It's getting crowded out there. According to an updated report from the United Nations, the planet's population is not following the expected curve: topping out at about 9 billion mid-century and then leveling off. Instead, the demographic trends point to continued growth, bringing the worldwide population to 10.1 billion by the end of the century — nearly a 50% increase for a planet now inhabited by just under 7 billion.
The highest rates of growth will be concentrated in poverty-stricken countries with low education levels, especially those in Africa, where the population is expected to more than triple to 3.5 billion. Nigeria's population, for instance, would more than quadruple, to 730 million. In the Middle East, the population of Yemen is projected to more than quadruple by the end of the century; this in a country that has a limited water supply and already must import much of its food.
The news led some population experts to call for improvements in agriculture to feed a world with so many hungry mouths. But that is, at best, a temporary patch. No matter how efficient we become at growing food, the Earth cannot provide for an infinitely increasing population.
If the U.N.'s numbers hold true, the increased number of poor people will strain the world's environment and natural resources. It will also create far more demand for foreign aid from the developed world.
When the figures are adjusted for inflation, worldwide family-planning aid to poor countries dropped by more than half from 1995 to 2007. The United States has long been the world's leader in this kind of assistance, but gave it shorter shrift during the George W. Bush administration, which launched a multibillion-dollar initiative on AIDS in Africa but flat-lined spending on birth control aid. In addition, the AIDS prevention campaign emphasized abstinence and marital fidelity, which were not particularly effective, rather than condom use.
President Obama's budgets have called for increased spending on family planning overseas, but in the current budget battle, that funding was cut by 5% (even on the domestic front, the Republican Party has waged an attack on women's reproductive rights by attempting to withdraw funding for Planned Parenthood). Meanwhile, no other country has stepped in. As a result, at least a fourth of the women in Africa have no access to effective birth control methods.
According to Robert Engelman, vice president of the Worldwatch Institute, more than one in five births results from an unwanted pregnancy. Without all the unintentional births, fertility would be below the replacement level, the rate needed to maintain the current population.
In other words, it wouldn't take much to drastically change the end-of-century numbers. Bad crops, lack of water, epidemics — any or all of these could tip the balance back toward a population that levels off at 9 billion. But those are tragic scenarios. In contrast, more education for girls and wider access to safe, effective family planning would serve a dual purpose, moving the world population toward sustainable levels and helping to avert famine, illness and premature death.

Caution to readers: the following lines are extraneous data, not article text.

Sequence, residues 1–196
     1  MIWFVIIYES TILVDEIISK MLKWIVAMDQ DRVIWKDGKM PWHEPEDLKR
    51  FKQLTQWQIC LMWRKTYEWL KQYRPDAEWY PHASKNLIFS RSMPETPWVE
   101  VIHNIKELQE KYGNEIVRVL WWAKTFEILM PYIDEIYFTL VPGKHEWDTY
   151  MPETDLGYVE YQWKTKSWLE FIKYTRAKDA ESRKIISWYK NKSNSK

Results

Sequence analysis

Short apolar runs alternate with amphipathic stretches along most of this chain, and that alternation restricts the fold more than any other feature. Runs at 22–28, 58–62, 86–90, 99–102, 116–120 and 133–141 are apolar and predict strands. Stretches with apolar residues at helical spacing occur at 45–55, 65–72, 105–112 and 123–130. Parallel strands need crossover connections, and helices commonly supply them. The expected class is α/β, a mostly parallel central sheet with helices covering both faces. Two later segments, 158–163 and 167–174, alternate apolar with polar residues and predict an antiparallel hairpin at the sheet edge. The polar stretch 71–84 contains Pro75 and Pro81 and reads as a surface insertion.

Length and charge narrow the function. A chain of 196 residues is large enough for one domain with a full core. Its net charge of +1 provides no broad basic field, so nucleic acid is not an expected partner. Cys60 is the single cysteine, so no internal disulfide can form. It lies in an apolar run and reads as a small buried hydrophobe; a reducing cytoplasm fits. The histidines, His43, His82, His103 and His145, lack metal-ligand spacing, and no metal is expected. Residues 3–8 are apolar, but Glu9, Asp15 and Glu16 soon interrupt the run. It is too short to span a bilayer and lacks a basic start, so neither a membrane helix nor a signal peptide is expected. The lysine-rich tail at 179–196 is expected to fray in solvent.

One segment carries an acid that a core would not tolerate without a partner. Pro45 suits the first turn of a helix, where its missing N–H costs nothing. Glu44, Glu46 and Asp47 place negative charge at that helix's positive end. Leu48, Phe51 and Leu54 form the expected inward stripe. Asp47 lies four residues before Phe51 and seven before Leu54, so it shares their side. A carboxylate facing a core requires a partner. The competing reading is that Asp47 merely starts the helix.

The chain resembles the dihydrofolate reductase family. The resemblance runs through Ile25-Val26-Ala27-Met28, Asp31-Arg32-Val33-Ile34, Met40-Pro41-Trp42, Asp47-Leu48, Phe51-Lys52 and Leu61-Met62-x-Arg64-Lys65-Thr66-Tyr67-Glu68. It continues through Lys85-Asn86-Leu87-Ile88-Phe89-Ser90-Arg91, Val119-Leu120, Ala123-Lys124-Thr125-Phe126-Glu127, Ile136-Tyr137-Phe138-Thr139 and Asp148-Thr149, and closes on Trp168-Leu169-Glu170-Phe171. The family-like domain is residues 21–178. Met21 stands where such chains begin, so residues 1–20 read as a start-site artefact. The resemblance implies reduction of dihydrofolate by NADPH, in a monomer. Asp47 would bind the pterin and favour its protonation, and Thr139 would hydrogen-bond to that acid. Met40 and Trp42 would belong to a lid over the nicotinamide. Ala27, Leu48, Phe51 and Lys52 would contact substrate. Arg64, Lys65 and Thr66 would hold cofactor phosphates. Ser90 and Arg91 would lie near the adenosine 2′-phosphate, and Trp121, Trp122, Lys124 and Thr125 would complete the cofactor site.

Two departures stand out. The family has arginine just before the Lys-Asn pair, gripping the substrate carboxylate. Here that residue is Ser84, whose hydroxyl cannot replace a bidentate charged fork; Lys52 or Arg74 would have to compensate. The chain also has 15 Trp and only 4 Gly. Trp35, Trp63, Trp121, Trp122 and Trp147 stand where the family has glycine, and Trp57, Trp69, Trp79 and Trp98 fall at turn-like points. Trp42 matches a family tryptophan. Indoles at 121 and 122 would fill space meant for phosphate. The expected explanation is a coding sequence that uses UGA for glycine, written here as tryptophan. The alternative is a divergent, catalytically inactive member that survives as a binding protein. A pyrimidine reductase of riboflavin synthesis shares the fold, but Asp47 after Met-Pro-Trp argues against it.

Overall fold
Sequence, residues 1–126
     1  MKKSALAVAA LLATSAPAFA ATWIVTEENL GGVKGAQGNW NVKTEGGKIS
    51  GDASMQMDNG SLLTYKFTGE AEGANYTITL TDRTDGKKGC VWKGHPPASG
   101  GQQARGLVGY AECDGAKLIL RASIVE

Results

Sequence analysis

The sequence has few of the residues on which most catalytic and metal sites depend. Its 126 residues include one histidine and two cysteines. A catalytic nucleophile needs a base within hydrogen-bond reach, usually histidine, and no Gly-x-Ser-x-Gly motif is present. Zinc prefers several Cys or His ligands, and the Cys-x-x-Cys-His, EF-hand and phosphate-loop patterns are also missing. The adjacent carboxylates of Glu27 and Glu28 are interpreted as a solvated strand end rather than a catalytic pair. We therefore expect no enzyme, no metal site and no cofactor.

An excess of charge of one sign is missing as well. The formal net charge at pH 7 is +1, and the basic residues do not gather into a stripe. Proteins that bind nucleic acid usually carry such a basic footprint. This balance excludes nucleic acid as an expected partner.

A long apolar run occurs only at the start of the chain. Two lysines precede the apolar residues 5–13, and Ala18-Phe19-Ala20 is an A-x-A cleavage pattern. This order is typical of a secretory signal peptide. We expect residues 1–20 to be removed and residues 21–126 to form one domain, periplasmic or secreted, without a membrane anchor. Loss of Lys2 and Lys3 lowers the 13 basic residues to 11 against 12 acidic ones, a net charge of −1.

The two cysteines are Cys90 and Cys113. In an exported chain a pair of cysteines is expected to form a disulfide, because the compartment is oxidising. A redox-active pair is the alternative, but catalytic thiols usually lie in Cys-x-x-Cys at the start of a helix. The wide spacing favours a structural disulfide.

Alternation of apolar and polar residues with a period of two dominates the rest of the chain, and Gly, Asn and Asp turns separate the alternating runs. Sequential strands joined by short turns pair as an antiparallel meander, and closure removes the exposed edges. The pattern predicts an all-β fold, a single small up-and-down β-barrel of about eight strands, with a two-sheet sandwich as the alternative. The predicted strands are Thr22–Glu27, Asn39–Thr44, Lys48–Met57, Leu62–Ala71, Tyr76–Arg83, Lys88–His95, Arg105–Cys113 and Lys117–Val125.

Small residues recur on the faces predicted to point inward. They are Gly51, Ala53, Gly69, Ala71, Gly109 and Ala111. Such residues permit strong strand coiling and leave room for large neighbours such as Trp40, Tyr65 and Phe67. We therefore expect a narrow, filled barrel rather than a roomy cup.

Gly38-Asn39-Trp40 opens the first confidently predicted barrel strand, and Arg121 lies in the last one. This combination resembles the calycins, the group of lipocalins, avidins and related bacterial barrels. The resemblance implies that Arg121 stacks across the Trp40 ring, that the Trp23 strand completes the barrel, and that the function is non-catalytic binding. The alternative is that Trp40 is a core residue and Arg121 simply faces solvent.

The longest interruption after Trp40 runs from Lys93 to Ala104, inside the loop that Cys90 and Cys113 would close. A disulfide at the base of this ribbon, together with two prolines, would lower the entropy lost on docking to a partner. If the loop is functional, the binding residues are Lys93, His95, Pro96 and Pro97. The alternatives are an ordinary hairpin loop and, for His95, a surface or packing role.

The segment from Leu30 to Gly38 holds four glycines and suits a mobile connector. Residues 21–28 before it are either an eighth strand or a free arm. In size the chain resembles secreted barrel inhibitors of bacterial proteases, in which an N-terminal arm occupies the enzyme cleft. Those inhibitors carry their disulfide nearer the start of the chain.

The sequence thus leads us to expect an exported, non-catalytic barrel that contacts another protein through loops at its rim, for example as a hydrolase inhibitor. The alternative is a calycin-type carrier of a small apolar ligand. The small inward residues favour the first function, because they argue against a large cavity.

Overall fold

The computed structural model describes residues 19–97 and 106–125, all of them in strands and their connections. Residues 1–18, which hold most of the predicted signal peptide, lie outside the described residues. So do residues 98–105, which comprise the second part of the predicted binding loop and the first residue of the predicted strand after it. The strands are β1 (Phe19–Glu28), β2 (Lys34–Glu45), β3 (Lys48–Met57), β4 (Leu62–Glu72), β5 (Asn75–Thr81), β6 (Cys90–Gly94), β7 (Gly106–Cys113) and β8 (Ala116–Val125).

Forty years ago, early efforts to provide family-planning aid in developing countries ran aground when they became associated with coercive birth control programs such as China's one-baby policy and India's forced vasectomies. Such violations of human rights are not just unacceptable; they also are unnecessary. Surveys find that women in developing countries would choose smaller families if they had the means to do so.
Women who have no schooling give birth to an average of 4.5 children; with just a year or more of schooling, the number drops to 3. As education increases, the number of births drops. Girls in Africa who receive some education will have fewer children and have them later in life. Their children will be healthier, and more educated as well.
Of course, foreign aid is of limited help in countries where religious beliefs or oppressive regimes make it all but impossible for women to exert control over any aspect of their lives. But as individual nations find it more difficult to provide for burgeoning populations in coming decades, there could be some surprising changes. In Iran, a campaign to increase the birthrate after the shah was deposed in the late 1970s — the legal age to marry was lowered to 9 — was reversed when the country struggled to find housing, employment and even enough water for a population that had nearly doubled in two decades. The new smaller-families campaign included birth control counseling before a couple could obtain a marriage license, and the birthrate plummeted to just above replacement level. More recently there have been calls to raise the number of births again.
The industrial world struggles with a different form of ambivalence about population growth. When birthrates in Japan and Italy fell to well below replacement levels, leaders were horrified and the Western news media reported it as terrible news. It's true that such a decline in birthrates presents a challenge: a smaller population of working-age people to support a larger population of retirees. Radical drops in birthrates and the subsequent aging of the population have presented formidable problems in some countries. But the situation is temporary; that smaller population will age in a few decades and become easier for future generations to support.
This much is certain: Nations cannot indefinitely produce larger and larger generations to support older ones. Humans may have the reproductive ability to keep raising their numbers, but the planet on which they do it is finite.